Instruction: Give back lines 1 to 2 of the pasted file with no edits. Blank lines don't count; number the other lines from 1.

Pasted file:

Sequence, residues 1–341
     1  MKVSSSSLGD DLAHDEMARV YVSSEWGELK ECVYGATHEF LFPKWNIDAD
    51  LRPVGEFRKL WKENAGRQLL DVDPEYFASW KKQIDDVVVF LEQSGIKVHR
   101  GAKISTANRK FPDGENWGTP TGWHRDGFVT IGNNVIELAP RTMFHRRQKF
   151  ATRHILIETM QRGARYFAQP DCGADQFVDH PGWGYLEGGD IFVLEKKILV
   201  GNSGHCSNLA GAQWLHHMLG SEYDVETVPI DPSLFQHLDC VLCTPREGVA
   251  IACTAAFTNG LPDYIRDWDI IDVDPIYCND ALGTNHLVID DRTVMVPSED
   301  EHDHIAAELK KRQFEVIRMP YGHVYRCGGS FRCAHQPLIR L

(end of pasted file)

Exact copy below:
Sequence, residues 1–341
     1  MKVSSSSLGD DLAHDEMARV YVSSEWGELK ECVYGATHEF LFPKWNIDAD